Frankly, I had no preconception as to what percentage of them might find themselves in an employment situation at the end of the program. We are doing a study of that now, and I can tell honourable members that the figures are very encouraging indeed. In fact, among the young people I spoke to in Oshawa when I toured the program there, more than half of them had either a full-time job or a part-time job arising out of their winter experience jobs. This was a much higher figure than I had expected, and I take a great deal of encouragement from it.

These opportunities made available by the youth secretariat gave some of these young people their first jobs in two years. It gave some of them their first glimmer of hope, their first indication that there was anything for them. Many of them now have developed the confidence to find a place in the work force.

If I get a little angry when I hear unjust criticism of what we are trying to do, that is why. I do not hear the criticism or the endless negative comments from the young people in the programs. I do not hear it from the people who are being given a chance by this government. I hear it from people who have not taken the time to go out to talk to the participants and see what we are doing.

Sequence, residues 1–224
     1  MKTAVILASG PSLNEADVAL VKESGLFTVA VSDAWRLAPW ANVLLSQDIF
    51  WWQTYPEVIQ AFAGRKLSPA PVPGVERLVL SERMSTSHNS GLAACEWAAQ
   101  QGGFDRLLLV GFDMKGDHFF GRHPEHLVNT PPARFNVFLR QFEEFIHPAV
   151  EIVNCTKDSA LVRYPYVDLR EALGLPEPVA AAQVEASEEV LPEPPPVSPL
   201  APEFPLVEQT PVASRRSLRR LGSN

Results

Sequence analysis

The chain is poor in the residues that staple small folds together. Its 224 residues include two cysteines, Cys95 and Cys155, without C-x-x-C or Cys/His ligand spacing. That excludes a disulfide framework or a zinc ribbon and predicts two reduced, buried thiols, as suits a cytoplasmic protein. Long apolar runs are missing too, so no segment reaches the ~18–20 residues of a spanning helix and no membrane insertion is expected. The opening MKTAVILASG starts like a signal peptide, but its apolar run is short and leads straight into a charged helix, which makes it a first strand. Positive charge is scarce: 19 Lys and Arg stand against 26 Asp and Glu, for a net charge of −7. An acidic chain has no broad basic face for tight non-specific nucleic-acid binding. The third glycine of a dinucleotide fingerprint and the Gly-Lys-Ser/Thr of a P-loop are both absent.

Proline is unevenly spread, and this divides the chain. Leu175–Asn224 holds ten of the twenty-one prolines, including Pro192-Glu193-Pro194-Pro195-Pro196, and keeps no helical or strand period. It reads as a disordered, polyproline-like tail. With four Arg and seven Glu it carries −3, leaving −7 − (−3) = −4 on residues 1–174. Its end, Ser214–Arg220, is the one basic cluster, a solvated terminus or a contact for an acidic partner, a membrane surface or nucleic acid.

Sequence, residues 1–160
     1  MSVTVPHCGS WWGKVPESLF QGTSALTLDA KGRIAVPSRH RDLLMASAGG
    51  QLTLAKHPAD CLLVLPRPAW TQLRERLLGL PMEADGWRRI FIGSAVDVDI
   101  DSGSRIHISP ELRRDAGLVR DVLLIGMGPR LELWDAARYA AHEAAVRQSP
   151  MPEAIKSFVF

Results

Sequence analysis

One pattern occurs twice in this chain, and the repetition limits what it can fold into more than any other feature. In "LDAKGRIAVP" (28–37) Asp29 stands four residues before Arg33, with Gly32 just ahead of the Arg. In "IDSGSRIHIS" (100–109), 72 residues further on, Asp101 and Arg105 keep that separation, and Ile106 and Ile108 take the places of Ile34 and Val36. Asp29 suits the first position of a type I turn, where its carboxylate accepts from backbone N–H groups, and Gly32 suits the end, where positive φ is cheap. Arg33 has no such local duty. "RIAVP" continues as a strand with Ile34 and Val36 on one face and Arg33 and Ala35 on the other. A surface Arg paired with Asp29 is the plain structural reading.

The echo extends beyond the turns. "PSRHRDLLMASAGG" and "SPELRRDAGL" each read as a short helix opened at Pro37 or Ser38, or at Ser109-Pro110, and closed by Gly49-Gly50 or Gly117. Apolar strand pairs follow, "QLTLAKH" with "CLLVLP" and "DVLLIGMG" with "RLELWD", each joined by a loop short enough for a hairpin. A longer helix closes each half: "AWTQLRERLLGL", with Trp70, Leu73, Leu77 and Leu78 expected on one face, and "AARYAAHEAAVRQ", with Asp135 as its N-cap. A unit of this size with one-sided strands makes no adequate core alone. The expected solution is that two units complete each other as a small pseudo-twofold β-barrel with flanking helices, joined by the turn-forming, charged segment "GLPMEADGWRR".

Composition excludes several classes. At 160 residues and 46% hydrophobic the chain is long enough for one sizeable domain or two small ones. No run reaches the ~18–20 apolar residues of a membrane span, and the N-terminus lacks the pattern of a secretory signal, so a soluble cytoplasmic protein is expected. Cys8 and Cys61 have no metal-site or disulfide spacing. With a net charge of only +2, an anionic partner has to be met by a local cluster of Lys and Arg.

I will stand by the efforts of this government, by our overwhelming commitment to the young people of this province and by the outstanding leadership of the Provincial Secretary for Social Development in co-ordinating those efforts.

Mr. J. M. Johnson: Mr. Speaker, I am very pleased that you have recognized me, and I thank you for doing that. I hope you will pay attention to some of the comments I have to make, because they especially relate to your part of the province.

A year ago I felt the three major important concerns we had as a government were inflation, unemployment and high interest rates.

Inflation, in the combination of world events, because of the American economy and for whatever reasons -- not that we take any credit for it -- has moderated, and I think we are in better shape in that regard. Interest rates, for the same reasons, have come down; and again we are very pleased that has happened. Unfortunately, unemployment has not moderated, and it is of concern to every single member of this Legislature.